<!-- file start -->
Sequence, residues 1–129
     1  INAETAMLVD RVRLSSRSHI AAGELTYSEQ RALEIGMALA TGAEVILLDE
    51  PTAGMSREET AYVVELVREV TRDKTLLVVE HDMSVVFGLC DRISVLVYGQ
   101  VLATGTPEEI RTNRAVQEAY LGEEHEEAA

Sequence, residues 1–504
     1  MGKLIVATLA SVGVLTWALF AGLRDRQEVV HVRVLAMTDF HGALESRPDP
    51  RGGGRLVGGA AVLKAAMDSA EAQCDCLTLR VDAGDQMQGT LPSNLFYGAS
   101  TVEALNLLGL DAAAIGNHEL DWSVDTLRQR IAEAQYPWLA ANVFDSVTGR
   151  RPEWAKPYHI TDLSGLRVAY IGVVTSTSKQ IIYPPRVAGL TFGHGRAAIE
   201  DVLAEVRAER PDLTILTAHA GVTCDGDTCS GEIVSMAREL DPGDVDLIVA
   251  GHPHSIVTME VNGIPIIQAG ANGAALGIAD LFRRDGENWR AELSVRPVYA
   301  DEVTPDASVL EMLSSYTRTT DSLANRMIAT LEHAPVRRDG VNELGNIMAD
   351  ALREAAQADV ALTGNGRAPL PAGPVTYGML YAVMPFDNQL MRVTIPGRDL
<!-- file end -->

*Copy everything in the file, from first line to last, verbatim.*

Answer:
Sequence, residues 1–129
     1  INAETAMLVD RVRLSSRSHI AAGELTYSEQ RALEIGMALA TGAEVILLDE
    51  PTAGMSREET AYVVELVREV TRDKTLLVVE HDMSVVFGLC DRISVLVYGQ
   101  VLATGTPEEI RTNRAVQEAY LGEEHEEAA

Sequence, residues 1–504
     1  MGKLIVATLA SVGVLTWALF AGLRDRQEVV HVRVLAMTDF HGALESRPDP
    51  RGGGRLVGGA AVLKAAMDSA EAQCDCLTLR VDAGDQMQGT LPSNLFYGAS
   101  TVEALNLLGL DAAAIGNHEL DWSVDTLRQR IAEAQYPWLA ANVFDSVTGR
   151  RPEWAKPYHI TDLSGLRVAY IGVVTSTSKQ IIYPPRVAGL TFGHGRAAIE
   201  DVLAEVRAER PDLTILTAHA GVTCDGDTCS GEIVSMAREL DPGDVDLIVA
   251  GHPHSIVTME VNGIPIIQAG ANGAALGIAD LFRRDGENWR AELSVRPVYA
   301  DEVTPDASVL EMLSSYTRTT DSLANRMIAT LEHAPVRRDG VNELGNIMAD
   351  ALREAAQADV ALTGNGRAPL PAGPVTYGML YAVMPFDNQL MRVTIPGRDL